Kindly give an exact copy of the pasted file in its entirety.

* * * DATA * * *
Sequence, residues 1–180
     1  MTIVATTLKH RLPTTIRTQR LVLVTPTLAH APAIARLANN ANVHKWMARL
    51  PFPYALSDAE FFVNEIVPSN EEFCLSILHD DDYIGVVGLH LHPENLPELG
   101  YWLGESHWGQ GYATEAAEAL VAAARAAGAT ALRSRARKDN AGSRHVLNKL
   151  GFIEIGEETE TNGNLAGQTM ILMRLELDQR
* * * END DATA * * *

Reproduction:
Sequence, residues 1–180
     1  MTIVATTLKH RLPTTIRTQR LVLVTPTLAH APAIARLANN ANVHKWMARL
    51  PFPYALSDAE FFVNEIVPSN EEFCLSILHD DDYIGVVGLH LHPENLPELG
   101  YWLGESHWGQ GYATEAAEAL VAAARAAGAT ALRSRARKDN AGSRHVLNKL
   151  GFIEIGEETE TNGNLAGQTM ILMRLELDQR